Apply falling forward teachings to help students develop

To offset these unsettling student concerns, parents and teachers can impart the lessons of falling forward to calm anxious minds. Students can take comfort that the lesson is the most important outcome, and that evaluations are simply a reflection of those learned lessons.

Here are some helpful ways that both parents and teachers can introduce students to the concept of falling forward.

Create iterative lesson plans

Some of the basic educational concepts have binary results. Mathematics is an example of such a subject where there are right answers and there are wrong answers.

Instead of teaching that the final calculation is all that matters, teach children how to show their work to arrive at those calculated numbers. When parents and teachers understand how students arrive at those calculations, they can provide helpful coaching to help students learn more effective methods to reach the final answer. It’s an interactive learning process that transforms failings into learning opportunities.

Teach children to write down their thoughts

Journaling is a practice that therapists often recommend to patients. Keeping a private record of one’s own thoughts and feelings enables people to process complicated information, work through the emotional turmoil, and achieve a clearer understanding of themselves.

Parents and teachers should encourage students to follow this same practice. Teach children to write down their thoughts and feelings when they struggle with a project or receive a poor grade on a test. Help students understand that working through those disappointments will help them learn how to do better next time. This is a great way to help children uncover their own strengths and discover how to unlearn perceived weaknesses.

Encourage students to embrace mindfulness

Sometimes, the best way to fall forward has little to do with academic teachings. Instead, teach children how to apply the aspects of mindfulness to their academic setback so that they can learn how to process any future setbacks in healthier ways.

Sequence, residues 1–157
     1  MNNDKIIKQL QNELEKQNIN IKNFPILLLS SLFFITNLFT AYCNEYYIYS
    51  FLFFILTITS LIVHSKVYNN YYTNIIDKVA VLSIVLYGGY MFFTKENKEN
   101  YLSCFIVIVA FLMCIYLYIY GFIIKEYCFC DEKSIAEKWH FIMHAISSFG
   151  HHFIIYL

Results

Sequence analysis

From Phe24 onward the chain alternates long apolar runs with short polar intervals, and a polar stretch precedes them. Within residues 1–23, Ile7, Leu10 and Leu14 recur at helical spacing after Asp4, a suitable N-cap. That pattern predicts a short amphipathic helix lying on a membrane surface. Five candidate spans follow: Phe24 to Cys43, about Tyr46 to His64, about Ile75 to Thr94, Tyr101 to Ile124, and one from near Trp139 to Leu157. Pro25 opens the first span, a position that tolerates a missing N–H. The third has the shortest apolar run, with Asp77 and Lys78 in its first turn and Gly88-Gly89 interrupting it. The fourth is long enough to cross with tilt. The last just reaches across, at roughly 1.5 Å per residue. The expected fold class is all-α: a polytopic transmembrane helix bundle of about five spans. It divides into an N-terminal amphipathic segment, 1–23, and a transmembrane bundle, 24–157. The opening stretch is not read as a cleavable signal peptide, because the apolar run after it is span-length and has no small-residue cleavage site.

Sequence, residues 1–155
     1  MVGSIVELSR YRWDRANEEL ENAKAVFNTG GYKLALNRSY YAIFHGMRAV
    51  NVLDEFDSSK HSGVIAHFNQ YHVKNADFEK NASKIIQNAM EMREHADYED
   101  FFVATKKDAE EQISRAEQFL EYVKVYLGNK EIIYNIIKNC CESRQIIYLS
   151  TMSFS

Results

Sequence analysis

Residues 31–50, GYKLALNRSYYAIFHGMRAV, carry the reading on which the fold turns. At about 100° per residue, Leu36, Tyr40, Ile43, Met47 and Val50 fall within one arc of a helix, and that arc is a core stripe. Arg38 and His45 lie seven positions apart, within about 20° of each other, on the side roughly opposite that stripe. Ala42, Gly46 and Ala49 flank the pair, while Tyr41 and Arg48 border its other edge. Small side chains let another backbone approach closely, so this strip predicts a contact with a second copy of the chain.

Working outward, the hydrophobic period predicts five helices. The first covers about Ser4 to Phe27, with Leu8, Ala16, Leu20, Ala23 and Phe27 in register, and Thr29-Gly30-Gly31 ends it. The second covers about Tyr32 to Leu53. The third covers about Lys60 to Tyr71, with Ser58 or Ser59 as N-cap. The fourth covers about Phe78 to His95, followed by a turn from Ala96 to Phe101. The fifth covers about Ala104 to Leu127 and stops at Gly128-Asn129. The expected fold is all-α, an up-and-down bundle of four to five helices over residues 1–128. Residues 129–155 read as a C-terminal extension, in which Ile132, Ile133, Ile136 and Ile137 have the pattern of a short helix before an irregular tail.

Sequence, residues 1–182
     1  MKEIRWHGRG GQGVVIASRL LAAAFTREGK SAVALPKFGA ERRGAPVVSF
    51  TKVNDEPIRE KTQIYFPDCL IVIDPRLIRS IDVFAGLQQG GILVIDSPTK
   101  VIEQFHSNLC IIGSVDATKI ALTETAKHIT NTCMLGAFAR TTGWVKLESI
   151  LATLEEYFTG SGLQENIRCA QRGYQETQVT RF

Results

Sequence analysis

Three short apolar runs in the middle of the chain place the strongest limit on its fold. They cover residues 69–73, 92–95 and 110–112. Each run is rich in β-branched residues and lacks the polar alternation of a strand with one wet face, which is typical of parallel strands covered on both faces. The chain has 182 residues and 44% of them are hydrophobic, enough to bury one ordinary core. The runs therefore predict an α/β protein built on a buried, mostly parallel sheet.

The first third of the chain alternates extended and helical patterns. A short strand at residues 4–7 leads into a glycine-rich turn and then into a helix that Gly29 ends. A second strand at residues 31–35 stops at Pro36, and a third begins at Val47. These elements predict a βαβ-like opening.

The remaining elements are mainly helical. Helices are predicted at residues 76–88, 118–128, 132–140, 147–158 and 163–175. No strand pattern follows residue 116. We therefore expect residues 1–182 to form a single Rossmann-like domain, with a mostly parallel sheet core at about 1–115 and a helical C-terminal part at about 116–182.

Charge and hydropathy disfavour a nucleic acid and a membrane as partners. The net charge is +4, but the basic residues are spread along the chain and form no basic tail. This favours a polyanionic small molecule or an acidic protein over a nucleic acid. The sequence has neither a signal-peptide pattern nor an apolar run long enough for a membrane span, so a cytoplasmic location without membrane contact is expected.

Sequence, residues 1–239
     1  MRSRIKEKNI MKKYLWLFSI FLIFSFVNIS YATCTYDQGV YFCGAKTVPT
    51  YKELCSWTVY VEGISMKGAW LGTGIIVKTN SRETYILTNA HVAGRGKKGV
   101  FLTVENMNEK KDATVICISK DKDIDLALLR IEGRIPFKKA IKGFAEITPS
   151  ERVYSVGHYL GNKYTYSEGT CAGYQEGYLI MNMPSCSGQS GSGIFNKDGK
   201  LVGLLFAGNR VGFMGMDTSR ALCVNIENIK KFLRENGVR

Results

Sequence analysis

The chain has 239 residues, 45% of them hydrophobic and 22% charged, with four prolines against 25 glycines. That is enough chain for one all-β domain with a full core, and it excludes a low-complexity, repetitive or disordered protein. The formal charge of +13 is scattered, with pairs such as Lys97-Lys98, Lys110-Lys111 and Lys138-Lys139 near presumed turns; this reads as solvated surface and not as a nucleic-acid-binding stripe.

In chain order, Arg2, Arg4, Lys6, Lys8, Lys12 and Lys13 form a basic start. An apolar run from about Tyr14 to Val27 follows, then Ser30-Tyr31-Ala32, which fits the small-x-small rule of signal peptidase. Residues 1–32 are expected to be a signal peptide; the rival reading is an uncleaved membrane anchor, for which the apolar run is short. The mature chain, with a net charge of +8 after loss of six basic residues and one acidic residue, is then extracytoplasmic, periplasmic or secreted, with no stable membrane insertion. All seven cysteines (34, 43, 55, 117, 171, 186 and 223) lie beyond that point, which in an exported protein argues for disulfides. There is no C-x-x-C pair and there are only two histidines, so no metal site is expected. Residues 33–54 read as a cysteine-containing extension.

The 16 Habits of Mind teach children how to become intellectually curious and emotionally intelligent, which will help develop their full academic potential. Some of the most mindful ways to process situations include:

  • Remaining persistent

  • Managing impulsivity

  • Thinking through ideas

  • Communicating with clarity

  • Finding humour in difficulty

  • Taking responsibility

Each of these mindful lessons will help children develop both inside and outside the classroom. Learning how to remain mindful and become emotionally aware will also help calm those anxious feelings triggered by pressure to succeed academically. Students will learn to become more confident in their abilities and more capable of responding to disappointments.

Falling forward also means knowing when to ask for help

Finally, one of the best ways to fall forward is admitting when you need outside support. There’s no shame in asking for help, but many children (and adults) struggle to admit when they’re unable to proceed forward on their own.

If your child is on the precipice of falling and you want to make sure they fall forward, consider enrolling them in a proven educational support program. Not only will children receive the skills and coaching to become academically successful, but they’ll have a helping hand from mentors who strive to empower each child to achieve greatness.

We all fall down at times. It’s how we learn to get back up again that determines whether we fall forward towards success.